We asked where Bayard Spaulding and his wife Stella got the inspiration and materials… Their direct links with new-thought groups, Florence Crawford (The Comforter editor) and Annie Rix Militz (Master mind editor) could effectively answer a big part of this question. Especially when we read the following books (published before Teaching of the Masters):

    Renewal of the Body by Annie Rix Militz, 1914-1918
    The faith that demonstrates by Florence Gloria Crawford, 1920

    However, at my opinion, the most interesting angle to follow is their direct link with James Churchward.

    Colonel James Churchward is standing between Douglas DeVorss and Spaulding on this photo taken 1935 before their advertising trip to India: gratisenergi[.]se/india.jpg

    James Churchward (February 27, 1851-January 4, 1936), is an Anglo-American who spent a great deal of his life in India and author of a series of books, beginning with Lost Continent of Mu, the Motherland of Man (1926), re-edited later as The Lost Continent Mu (1931).[2] Other popular books in the series are The Children of Mu (1931), and The Sacred Symbols of Mu (1933).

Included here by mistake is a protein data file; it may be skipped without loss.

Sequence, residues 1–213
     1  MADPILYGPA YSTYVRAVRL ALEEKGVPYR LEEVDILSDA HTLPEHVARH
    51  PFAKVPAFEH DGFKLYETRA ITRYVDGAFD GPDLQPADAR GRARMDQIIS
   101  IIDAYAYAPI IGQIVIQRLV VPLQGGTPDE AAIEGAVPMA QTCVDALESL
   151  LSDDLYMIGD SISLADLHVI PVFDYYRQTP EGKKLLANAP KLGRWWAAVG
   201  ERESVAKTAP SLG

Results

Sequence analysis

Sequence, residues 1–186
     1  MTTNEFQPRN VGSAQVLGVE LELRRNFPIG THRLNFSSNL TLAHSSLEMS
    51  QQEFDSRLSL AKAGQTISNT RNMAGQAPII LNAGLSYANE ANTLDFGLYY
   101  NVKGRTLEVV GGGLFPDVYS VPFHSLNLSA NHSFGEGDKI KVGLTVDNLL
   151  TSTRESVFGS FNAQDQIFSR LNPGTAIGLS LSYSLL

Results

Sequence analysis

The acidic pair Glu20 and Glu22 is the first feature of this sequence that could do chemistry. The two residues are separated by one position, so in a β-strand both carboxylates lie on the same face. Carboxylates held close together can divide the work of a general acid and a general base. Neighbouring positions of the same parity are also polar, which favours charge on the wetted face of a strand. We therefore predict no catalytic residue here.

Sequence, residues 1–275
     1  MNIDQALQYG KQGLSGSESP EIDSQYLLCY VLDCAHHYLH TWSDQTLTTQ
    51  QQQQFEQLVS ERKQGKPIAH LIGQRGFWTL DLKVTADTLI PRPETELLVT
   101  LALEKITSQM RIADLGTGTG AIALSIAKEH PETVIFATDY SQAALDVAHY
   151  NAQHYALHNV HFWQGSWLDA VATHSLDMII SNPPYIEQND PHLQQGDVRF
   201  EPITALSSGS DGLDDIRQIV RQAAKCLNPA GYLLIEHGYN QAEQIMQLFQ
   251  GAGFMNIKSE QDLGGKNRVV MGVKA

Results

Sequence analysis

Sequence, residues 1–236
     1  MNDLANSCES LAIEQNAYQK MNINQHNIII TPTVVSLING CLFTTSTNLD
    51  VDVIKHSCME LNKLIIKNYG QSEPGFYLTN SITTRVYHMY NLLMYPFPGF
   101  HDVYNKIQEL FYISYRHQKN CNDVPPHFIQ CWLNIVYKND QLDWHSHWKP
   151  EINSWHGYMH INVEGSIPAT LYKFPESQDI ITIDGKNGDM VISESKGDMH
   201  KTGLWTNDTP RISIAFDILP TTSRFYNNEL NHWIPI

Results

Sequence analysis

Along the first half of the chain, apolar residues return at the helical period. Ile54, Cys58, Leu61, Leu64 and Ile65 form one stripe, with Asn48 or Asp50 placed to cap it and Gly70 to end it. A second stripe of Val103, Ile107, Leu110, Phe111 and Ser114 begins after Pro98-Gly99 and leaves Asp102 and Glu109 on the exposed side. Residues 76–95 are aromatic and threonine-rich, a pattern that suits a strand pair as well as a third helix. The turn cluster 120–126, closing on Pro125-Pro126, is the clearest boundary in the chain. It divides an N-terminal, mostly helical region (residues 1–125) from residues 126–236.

Note theses very interesting coincidences:
    Churchward published The Lost Continent of Mu in 1926. Like you know, life and Teaching of the Masters of the Far East which told of a research expedition to India and Tibet in the 1890′s have been published in 1922-1924. You have clearly demonstrated that Spaulding couldn’t have done those expeditions in the 1890′s. However, before coming to the US in the 1890s, Churchward was in Sri Lanka (near India/Tibet). And according to the article “James Churchward – Lost Continent or Lost Cause?” by Churchward’s god-daughter Joan Tate Griffith [5], while Churchward toured India for the last time -presumably between writing his first and second books- he visited the same temples and monasteries where he had spent years in his early manhood, in discourse with Rishi and studying tablets and scrolls in Pali, Sanskit, Tibetan, Chaldean, and Uighur.